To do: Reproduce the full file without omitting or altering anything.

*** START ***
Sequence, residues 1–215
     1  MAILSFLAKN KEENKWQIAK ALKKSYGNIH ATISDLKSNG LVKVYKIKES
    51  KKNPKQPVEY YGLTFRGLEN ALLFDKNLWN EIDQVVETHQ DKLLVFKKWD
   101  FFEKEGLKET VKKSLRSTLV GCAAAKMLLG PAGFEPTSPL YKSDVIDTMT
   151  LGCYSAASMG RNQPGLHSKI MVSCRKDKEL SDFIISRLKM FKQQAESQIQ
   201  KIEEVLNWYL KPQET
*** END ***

Sequence, residues 1–215
     1  MAILSFLAKN KEENKWQIAK ALKKSYGNIH ATISDLKSNG LVKVYKIKES
    51  KKNPKQPVEY YGLTFRGLEN ALLFDKNLWN EIDQVVETHQ DKLLVFKKWD
   101  FFEKEGLKET VKKSLRSTLV GCAAAKMLLG PAGFEPTSPL YKSDVIDTMT
   151  LGCYSAASMG RNQPGLHSKI MVSCRKDKEL SDFIISRLKM FKQQAESQIQ
   201  KIEEVLNWYL KPQET